Trak1 is a novel regulator of mitochondrial fusion and cellular homeostasis Open Access

Lee, Crystal (2015)

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Trafficking protein, kinesin-binding 1 (Trak1) is a ubiquitously expressed protein functioning in two separate cellular pathways, mitochondrial transport and endosome-to-lysosome trafficking. Trak1 mutations are linked to several disease states. In mice, a homozygous frameshift mutation in the Trak1 gene causes a recessively transmitted form of hypertonia. In humans, elevated levels of Trak1 protein expression have been reported in several types of cancers and a Trak1 variant is linked to childhood absence epilepsy. However, the pathogenic mechanisms of Trak1 in these diseases states remain unknown. In my dissertation work, I identified a new function for Trak1 as a regulator of mitochondrial fusion independent of its role in mitochondrial transport and I found Trak1 to be essential to mitochondrial health and cell survival under cellular stress conditions. Furthermore, I found that the hypertonia-associated mutation of Trak1 exhibits partially disrupted targeting to mitochondria, suggesting a novel mechanism of hypertonia pathogenesis. In addition, I show that the Drosophila melanogaster orthologue of Trak1, Milton, is essential for viability and identified a functional role for Milton in the endocytic pathway, establishing the conserved dual functions of Trak1 and Milton. Together the work described in this dissertation, reveals a novel function for Trak1 in mitochondrial fusion and cellular homeostasis, and demonstrates that Trak1 is critical to both cellular and organismal health.

Table of Contents

Chapter 1. Introduction and background

1.1. Opening remarks. 2

1.2. Trak1 protein. 2

1.2.1. Trak1 is part of the HAPN domain family of proteins that also includes

GRIF-1 and HAP1. 7

1.2.2. Milton, the Drosophila homolog of Trak1. 12

1.3. Endocytic trafficking and regulation. 14

1.3.1. Consequences of endosomal-lysosomal pathway dysfunction. 18

1.4. Mitochondria. 21

1.4.1. Structure of mitochondria. 22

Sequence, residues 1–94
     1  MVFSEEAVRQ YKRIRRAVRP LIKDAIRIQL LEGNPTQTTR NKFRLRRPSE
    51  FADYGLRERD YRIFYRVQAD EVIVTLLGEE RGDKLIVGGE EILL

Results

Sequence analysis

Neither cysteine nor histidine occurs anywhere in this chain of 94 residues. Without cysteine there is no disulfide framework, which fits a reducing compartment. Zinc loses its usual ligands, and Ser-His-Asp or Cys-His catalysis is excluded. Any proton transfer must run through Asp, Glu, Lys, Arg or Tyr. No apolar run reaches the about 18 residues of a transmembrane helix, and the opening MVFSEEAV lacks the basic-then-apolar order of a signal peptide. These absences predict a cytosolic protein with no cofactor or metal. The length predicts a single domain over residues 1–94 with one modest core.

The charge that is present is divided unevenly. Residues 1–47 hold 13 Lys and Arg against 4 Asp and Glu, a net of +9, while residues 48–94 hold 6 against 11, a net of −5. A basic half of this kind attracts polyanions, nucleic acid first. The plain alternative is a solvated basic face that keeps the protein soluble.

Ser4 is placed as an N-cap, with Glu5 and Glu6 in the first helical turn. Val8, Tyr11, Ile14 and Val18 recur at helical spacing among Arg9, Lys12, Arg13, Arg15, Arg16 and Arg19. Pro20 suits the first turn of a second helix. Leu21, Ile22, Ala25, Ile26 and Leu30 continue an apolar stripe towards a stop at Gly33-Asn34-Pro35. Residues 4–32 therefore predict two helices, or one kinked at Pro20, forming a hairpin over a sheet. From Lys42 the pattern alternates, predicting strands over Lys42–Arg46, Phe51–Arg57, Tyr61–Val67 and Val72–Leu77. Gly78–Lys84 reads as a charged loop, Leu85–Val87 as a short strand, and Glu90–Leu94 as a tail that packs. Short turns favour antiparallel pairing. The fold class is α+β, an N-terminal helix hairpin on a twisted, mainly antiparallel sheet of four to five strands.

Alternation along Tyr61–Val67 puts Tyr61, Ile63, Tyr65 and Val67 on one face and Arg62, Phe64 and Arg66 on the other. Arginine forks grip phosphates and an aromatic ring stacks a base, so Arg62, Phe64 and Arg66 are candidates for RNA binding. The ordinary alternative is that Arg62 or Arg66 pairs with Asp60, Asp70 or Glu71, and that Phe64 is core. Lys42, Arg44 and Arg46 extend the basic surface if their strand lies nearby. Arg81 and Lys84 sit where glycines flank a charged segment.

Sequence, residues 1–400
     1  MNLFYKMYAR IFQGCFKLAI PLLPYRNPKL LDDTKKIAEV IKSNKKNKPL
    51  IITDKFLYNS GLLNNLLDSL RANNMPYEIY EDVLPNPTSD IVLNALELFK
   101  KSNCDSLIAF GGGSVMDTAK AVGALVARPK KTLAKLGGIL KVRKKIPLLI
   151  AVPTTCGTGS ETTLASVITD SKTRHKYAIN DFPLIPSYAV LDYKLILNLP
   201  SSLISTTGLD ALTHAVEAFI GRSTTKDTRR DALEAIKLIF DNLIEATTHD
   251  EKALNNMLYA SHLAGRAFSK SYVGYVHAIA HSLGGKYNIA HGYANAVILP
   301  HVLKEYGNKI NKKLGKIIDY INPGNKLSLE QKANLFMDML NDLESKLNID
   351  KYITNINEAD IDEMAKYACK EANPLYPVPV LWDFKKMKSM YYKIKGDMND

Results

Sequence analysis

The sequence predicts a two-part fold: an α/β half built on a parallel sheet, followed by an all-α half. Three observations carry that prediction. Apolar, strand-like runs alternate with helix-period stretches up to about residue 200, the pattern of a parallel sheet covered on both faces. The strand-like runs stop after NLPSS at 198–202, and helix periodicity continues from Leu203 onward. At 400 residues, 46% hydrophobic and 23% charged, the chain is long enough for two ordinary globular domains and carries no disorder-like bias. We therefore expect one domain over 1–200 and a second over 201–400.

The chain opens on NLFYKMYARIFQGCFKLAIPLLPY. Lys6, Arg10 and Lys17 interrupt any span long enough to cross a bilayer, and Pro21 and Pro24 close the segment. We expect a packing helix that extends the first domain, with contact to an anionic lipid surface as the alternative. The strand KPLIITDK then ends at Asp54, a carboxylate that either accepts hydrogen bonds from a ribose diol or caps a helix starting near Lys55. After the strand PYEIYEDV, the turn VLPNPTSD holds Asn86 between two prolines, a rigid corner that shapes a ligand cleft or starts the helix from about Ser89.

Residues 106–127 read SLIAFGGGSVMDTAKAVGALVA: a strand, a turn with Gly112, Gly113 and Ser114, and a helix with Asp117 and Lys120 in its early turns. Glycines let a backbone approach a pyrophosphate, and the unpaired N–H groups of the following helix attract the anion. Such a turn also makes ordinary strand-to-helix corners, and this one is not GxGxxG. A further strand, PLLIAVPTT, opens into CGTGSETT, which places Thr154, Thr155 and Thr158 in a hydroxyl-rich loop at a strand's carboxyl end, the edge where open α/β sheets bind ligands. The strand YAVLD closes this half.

1.4.2. Functions of the mitochondria. 24

1.4.3. Mitochondrial dynamics: fusion, fission, transport, and mitophagy. 28

1.4.4. Mitochondrial fusion. 29

1.4.5. Mitochondrial fission. 32

1.4.6. Mitophagy. 33

1.4.7. Mitochondrial transport and regulation. 35

1.4.8. Consequences of mitochondrial dysfunction.. 41

1.5. Trak1 mutations are linked to disease states. 44

1.5.1. Hypertonia. 45

1.5.2. Childhood absence epilepsy. 48

1.5.3. Gastric and colorectal cancer. 50

1.6. Hypotheses and organizational overview. 51

Chapter 2. Hypertonia-linked protein Trak1 is a novel regulator of mitochondrial fusion

2.1. Abstract. 64

2.2. Introduction. 65

2.3. Results. 67

2.3.1. Deletion of Trak1 results in mitochondrial fragmentation. 67

2.3.2. Trak1 functions in regulation of mitochondrial fusion. 68

2.3.3. Hypertonia-linked mutation impairs Trak1 mitochondrial localization and function. 69

2.3.4. Trak1 overexpression induces mitochondrial hyperfusion. 70

2.3.5. Trak1 functions upstream of Mitofusins in regulating mitochondrial fusion. 72

2.3.6. Trak1 overexpression promotes mitochondria tethering in Mitofusin-deficient cells. 74

2.3.7. Trak1 is essential for stress-induced mitochondrial hyperfusion and pro-survival response. 75

2.4. Discussion. 75

2.5. Materials and methods. 79

2.5.1. Cell culture, Transfection, and Immunoblotting analysis. 79

2.5.2. Plasmids and Antibodies. 79

2.5.3. Immunofluorescence confocal microscopy. 80

2.5.4. MitoDendra2 assay and Analysis of fusion. 81

2.5.5. 3D-Structured illumination microscopy (SIM). 81

2.5.6. Electron microscopy. 82

2.5.7. Subcellular fractionation. 82

2.5.8. Stress-induced mitochondrial hyperfusion and apoptosis detection. 83

2.5.9. Analysis of mitochondrial morphology. 83

2.5.10. Statistical analysis. 83

2.6. Acknowledgements. 84

Chapter 3. Characterizing the role of Milton in Drosophila development

3.1. Abstract. 110

3.2. Introduction. 110

3.3. Results. 113

3.3.1. Milton null flies display early larval lethality. 113

3.3.2. Milton is expressed in all stages of Drosophila development. 114

3.3.3. Milton mutants do not affect pigment granule trafficking or photoreceptor degeneration. 115

3.3.4. Milton is involved in signaling pathways in the Drosophila wing. 116

3.3.5. Milton mutants have reduced lifespan and locomotor activity. 118

3.4. Discussion. 118

3.5. Materials and methods. 120

3.5.1. Fly strains. 120

3.5.2. RT-PCR. 121

3.5.3. Lifespan assay. 121

3.5.4. Locomotor assay. 121

Chapter 4. Summary of findings and future directions

4.1. Summary of findings. 133

4.2. Future directions. 136

4.2.1. Does loss of Trak1 affect the function of mitochondria?. 136

4.2.2. How does Trak1 regulate two separate cellular pathways?. 138

4.2.3. What is the specific mechanism of Trak1 mediated mitochondrial tethering?. 140

4.2.4. Can Trak1 be used therapeutically, such as to rescue the excessive mitochondrial fragmentation and neuronal dysfunction seen in neurodegenerative diseases?. 141

4.2.5. Does Trak1 regulate other aspects of mitochondrial dynamics such as fission or mitophagy?. 142

4.2.6. What is the pathogenic mechanisms of Trak1 hyrt associated hypertonia?. 144

4.2.7. Does Milton share functional homology with Trak1 in flies?. 146

4.3. Final words. 147

References. 150

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